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Drewcella Davis Named 2020-22 Apothetae and Lark Playwriting Fellow

Lark News
Drewcella Davis
Drewcella Davis

NEW YORK, NY – The Apothetae, a theater company committed to the production of works that explore and illuminate the “Disabled Experience,” and The Lark, a play development lab devoted to equity, community, and the power of an individual artistic voice, are thrilled to announce Drewcella Davis as the 2020-22 Apothetae and Lark Playwriting Fellow. The Fellowship, made possible by the National Endowment for the Arts, the Ford Foundation, and the Howard Gilman Foundation, includes a two-year residency for a Deaf/Disabled writer, a cash award of $40,000, plus a $5,000 Opportunity Fund for project-related expenses, and control over a $10,000 Production Enhancement Fund, to be allocated to a producing theater in support of a full production of one of the Fellow’s plays. The Fellowship also includes access to a wide range of Lark and Apothetae resources, including artistic program participation, office and rehearsal space, and staff support. 

Two Finalists for the award, Nikki Brake-Sillá and A.A. Brenner, were chosen as recipients of the inaugural Jody Falco and Jeffrey Steinman Award, which offers each a $5,000 honorarium. Brake-Sillá and Brenner will also participate in Lark artistic programs. 

Fellow Drewcella Davis, a Finalist for the 2018-20 Fellowship, was selected from a pool of 70 applicants by a committee comprised of Apothetae and Lark artistic staff, alongside individual artists aligned with the program’s mission. Members of the committee included Brian Balcom (Chicago-based Director), Andrea Hiebler (Director of Scouting and Submissions, The Lark), Tim J. Lord(Inagural Apothetae & Lark Playwriting Fellow), Gregg Mozgala (Founder and Artistic Director, The Apothetae), and Krista Williams (Roundtable and Casting Director, The Lark).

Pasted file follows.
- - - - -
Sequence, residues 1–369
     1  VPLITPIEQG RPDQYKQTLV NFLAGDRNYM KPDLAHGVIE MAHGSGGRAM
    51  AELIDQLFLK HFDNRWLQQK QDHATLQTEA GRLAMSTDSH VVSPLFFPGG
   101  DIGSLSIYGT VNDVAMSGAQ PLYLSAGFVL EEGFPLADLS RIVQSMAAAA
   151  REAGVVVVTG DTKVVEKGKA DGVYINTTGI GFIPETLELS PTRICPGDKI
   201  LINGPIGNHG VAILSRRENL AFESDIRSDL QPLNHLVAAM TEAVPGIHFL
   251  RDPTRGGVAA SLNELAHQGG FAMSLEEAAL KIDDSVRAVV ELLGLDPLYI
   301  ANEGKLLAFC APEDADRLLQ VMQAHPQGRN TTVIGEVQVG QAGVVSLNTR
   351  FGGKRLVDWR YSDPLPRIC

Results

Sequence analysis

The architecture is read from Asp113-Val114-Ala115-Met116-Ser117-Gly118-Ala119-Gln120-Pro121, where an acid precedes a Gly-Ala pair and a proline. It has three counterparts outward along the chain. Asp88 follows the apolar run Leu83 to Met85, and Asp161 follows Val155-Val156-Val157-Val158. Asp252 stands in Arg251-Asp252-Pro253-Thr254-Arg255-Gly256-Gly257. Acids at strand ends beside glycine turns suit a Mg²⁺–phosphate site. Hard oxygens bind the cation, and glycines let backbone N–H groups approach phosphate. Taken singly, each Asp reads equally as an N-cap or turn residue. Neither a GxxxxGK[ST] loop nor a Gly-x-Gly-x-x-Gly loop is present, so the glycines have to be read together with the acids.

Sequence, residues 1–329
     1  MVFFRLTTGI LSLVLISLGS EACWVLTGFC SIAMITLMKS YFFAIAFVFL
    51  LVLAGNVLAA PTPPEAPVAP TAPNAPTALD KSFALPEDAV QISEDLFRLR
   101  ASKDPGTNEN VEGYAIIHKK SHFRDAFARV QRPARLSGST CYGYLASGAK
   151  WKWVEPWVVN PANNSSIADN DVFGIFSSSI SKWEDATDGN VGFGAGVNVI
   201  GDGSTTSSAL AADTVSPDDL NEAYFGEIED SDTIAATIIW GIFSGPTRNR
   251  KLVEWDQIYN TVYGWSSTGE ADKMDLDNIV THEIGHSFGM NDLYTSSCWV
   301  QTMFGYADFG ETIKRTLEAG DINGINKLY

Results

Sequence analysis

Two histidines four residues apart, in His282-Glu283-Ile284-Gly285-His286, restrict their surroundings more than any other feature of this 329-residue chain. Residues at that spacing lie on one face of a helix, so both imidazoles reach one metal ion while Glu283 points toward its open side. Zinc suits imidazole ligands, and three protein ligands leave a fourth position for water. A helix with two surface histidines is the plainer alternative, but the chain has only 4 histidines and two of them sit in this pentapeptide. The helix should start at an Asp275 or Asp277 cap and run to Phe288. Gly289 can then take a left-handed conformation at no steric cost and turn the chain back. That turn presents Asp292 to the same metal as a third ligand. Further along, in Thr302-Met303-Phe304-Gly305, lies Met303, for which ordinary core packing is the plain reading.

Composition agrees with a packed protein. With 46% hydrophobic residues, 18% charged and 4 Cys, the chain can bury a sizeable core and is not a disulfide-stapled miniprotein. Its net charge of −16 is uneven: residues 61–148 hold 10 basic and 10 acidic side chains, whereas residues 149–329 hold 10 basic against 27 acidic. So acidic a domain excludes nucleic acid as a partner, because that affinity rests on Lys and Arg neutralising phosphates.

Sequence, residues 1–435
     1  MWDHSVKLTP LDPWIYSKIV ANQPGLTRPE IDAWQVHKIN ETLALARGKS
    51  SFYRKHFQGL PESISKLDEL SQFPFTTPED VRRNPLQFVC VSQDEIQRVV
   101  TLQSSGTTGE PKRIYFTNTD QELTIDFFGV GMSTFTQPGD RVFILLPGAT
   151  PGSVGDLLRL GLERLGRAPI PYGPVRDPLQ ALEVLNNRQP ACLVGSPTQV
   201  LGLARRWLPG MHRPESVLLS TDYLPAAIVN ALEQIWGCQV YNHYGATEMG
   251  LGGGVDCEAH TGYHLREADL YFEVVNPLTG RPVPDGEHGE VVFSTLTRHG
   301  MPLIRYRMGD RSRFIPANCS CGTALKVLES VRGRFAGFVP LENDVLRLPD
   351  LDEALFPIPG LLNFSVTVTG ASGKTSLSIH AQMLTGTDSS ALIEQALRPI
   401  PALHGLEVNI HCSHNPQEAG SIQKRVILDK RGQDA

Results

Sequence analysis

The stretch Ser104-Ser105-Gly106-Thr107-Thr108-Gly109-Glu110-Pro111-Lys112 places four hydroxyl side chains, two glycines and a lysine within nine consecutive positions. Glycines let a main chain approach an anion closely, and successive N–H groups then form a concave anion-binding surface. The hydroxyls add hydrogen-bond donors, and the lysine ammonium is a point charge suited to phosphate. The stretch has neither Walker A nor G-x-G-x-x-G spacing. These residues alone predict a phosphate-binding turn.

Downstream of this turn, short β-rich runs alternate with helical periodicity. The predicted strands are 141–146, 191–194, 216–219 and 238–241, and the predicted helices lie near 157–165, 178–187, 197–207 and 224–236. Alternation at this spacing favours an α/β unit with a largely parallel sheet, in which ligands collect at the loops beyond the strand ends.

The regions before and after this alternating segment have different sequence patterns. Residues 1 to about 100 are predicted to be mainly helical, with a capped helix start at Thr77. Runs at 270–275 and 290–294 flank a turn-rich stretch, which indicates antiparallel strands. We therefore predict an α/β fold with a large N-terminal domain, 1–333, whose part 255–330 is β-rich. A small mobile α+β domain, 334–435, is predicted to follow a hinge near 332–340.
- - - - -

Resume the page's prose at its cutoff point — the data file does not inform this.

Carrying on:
“My plays are a conjuration spell for Disabled Black communities,” said Drewcella. “I want to dismantle white supremacy by taking their perceived ideologies of otherness and flip them on their heads with Black magic. I’m excited to be a part of a community where I believe these ideas will be honored, nurtured, and encouraged.” 

The Apothetae and Lark Playwriting Fellowship is the centerpiece of a broad Apothetae and Lark Initiative, designed to provide an unprecedented platform of financial and artistic support and advocacy for d/Deaf and Disabled Artists, and to promote the generation of new plays with the power to revolutionize the cultural conversation surrounding Disability. 

The Fellowship and Initiative were born directly out of conversations with members of the d/Deaf and Disabled Communities, held at The Lark in May of 2015 and January of 2016. At both convenings, three major needs were expressed: more material, more opportunities (which are perpetuated by the creation of more material), and more convening as a community. The Apothetae and The Lark have been working in partnership, to address these needs, as well as the profound underrepresentation and oppressive misrepresentation of people with disabilities that persists throughout our cultural media.